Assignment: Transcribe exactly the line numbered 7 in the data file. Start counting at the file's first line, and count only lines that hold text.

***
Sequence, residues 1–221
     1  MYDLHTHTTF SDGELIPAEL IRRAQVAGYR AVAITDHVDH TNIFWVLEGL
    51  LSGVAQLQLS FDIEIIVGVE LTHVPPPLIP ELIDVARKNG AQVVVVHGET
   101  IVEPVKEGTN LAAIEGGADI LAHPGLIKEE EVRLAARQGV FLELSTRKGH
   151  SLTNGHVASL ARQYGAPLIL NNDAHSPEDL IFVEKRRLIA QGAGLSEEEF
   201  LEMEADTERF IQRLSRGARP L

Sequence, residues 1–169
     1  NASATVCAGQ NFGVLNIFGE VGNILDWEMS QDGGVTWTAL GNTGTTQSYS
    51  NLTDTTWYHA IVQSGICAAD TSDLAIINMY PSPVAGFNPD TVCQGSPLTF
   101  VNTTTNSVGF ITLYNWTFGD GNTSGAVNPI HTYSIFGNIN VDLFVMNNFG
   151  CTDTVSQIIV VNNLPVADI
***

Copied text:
Sequence, residues 1–169